Is a 'Pure Google' experience worth the extra money to you?

Marc Flores
 from  San Francisco, CA
| Published: June 26, 2013

Reviews are in, and most folks think the Samsung Galaxy S4 and HTC One Google Editions are pretty sweet. Most reviewers have reiterated the way they feel about the hardware, which is the biggest differences with these Google devices, and tend to lean toward the HTC One. That was expected since that's what they all said in their reviews, including me. Moreover, many reviewers feel like the Google Editions of the Galaxy S4 and HTC One are liberating, namely because they were free of those pesky custom UIs. But here's my question: Is being free from custom interfaces and getting early access to Android updates worth the extra cash?

The Samsung Galaxy S4 will cost you $649, and the HTC One $599. They'll be unlocked, free of TouchWiz UI and Sense 5, and will get updates as soon as Google makes them available to its Nexus and Google Edition devices. But is it really worth that much to you? For the freedoms you gain, you'll be paying more than double for the hardware itself. And as much as I dislike custom UIs sometimes, you'll also be losing out on a number of features.

I'm not the biggest fan of TouchWiz, but some people might love its widgets and the camera features in the Galaxy S4. DramaShot and Dual Shot and other Samsung gimmicks are actually selling points for some people. For the HTC One, you may love BlinkFeed or HTC's own camera tricks and overall UI design. So if you're thinking of ponying up the cash to buy the Google Edition of either of these Android devices, consider the trade-offs. 

For many of you, it's going to be a no-brainer. You love the hardware, but you hate the software. You love the Google experience. Perhaps you've already forked over the money and are just waiting on the devices to come in. If that describes you perfectly, I'd love to hear your thoughts in the comments and why you decided to spend the extra cash just to have the device free from the shackles of carriers and manufacturers. Many of you have been pining for the Galaxy S4 or the HTC One in a Nexus-style version, and your wishes have been answered.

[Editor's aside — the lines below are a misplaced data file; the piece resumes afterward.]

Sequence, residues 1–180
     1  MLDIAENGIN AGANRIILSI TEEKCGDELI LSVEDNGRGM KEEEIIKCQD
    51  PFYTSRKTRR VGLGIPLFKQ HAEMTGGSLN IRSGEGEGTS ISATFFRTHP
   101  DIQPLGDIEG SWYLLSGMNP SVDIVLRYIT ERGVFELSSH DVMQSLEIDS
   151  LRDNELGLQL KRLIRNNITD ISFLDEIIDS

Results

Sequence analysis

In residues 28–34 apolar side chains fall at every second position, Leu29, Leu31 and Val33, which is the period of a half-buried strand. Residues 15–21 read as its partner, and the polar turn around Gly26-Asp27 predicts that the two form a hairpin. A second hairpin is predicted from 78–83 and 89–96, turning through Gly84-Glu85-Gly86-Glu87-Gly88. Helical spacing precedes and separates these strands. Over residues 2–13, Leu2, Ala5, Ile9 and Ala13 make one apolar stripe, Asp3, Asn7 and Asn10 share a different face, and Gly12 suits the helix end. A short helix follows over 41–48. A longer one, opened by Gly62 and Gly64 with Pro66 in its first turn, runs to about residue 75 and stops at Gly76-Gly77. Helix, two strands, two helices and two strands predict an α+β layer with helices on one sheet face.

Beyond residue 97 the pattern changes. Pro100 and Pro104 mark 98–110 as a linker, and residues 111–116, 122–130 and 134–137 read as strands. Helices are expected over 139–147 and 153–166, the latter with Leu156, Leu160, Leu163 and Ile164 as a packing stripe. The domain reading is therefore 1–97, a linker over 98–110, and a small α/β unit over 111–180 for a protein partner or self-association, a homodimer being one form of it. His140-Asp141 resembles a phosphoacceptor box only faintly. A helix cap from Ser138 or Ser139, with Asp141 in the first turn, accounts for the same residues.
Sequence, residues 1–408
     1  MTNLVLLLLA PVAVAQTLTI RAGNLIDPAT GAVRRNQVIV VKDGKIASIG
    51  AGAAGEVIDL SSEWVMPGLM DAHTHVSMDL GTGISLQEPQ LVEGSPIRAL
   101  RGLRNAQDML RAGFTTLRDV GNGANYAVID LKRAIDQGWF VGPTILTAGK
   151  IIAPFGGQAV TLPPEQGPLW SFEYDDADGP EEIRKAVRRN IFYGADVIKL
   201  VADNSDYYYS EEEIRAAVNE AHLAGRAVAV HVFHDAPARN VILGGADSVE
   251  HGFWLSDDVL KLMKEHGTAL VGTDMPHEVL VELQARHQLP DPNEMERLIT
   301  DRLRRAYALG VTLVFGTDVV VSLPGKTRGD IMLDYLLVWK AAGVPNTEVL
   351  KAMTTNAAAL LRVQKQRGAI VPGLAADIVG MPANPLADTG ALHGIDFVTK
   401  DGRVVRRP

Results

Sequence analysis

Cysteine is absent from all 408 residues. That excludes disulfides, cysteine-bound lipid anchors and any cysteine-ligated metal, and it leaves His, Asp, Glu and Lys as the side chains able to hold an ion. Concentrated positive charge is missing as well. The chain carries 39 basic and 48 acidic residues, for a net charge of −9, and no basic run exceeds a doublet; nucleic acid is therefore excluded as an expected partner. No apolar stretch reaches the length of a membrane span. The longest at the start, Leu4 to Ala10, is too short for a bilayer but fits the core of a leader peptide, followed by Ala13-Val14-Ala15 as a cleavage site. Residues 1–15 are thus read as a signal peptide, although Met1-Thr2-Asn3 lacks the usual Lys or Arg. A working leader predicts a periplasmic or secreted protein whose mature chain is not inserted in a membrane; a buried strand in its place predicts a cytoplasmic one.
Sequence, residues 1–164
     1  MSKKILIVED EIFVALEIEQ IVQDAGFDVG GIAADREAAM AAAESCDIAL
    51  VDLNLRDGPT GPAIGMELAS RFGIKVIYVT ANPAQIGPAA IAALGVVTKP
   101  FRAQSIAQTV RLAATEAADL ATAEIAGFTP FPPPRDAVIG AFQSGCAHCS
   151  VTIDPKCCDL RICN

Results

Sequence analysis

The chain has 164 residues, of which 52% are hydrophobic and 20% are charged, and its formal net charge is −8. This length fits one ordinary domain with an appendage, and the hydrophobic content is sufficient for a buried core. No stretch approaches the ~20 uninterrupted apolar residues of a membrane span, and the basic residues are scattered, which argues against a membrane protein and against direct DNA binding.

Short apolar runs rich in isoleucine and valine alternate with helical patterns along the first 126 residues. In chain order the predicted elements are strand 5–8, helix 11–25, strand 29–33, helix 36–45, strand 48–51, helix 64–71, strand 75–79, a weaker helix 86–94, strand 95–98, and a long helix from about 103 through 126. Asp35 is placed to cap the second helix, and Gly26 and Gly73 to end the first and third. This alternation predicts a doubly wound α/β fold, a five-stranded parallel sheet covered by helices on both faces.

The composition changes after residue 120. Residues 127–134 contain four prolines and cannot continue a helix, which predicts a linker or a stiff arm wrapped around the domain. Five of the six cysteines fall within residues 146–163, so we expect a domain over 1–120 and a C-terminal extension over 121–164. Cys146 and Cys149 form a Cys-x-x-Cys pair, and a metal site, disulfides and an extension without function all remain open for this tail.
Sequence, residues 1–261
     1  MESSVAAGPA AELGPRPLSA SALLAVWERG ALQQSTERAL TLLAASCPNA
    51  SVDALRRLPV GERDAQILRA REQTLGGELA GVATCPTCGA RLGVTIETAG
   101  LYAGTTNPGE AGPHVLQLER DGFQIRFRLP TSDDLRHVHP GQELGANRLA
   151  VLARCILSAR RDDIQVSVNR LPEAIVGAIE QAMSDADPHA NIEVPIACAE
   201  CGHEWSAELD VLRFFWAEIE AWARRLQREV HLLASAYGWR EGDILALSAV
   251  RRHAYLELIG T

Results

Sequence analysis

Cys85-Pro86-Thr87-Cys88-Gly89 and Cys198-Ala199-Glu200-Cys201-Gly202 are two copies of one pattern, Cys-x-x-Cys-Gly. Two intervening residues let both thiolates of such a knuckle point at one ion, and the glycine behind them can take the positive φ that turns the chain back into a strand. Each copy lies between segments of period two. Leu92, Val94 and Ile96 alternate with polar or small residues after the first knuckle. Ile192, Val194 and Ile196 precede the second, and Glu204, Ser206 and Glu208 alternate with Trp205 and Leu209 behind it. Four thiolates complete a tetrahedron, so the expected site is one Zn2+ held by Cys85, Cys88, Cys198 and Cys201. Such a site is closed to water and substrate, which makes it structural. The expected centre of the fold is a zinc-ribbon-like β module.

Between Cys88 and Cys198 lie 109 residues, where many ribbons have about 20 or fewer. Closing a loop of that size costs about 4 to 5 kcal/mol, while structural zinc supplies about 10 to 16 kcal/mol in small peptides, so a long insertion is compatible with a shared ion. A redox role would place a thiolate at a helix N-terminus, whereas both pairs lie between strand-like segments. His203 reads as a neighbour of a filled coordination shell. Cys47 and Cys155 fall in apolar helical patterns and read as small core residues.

Just the other day, I wrote about why the HTC One kept me from going back to the iPhone 5. I actually like Sense 5, though I think it needs some work, and the camera software and features are excellent. On the other hand, I loved the Nexus 4 when I had it for review, except the battery life, and I wouldn't mind having a "pure" Google Android experience on the HTC One. The hardware is beautiful, and that makes up for half the overall experience of owning the device. But again, I can't imagine paying $600 for the phone just to be off contract and not have to look at BlinkFeed every now and then. I'm not so antsy for infrequent Android updates that I feel like I've been left in the dust when Nexus devices get a small handful of new features. 

I also feel like the phones themselves have a kind of soul. I mean, they're lifeless slabs of metal and glass and plastic (or mostly plastic, in Samsung's case), but they do have a bit of personality to them. Part of that personality is defined by TouchWiz or Sense. Stripping the Galaxy S4 or the HTC One of those things is like stripping away a part of its soul. With stock or pure Android, or whatever you want to call and argue it, would it still be a Galaxy S4 or HTC One? Is it the hardware or the software that gives a device its identity? If you were to load iOS onto an HTC One, is it still an HTC One?

Let me know what you think, and how you feel about the cost/benefit relationship with these Google Edition devices.

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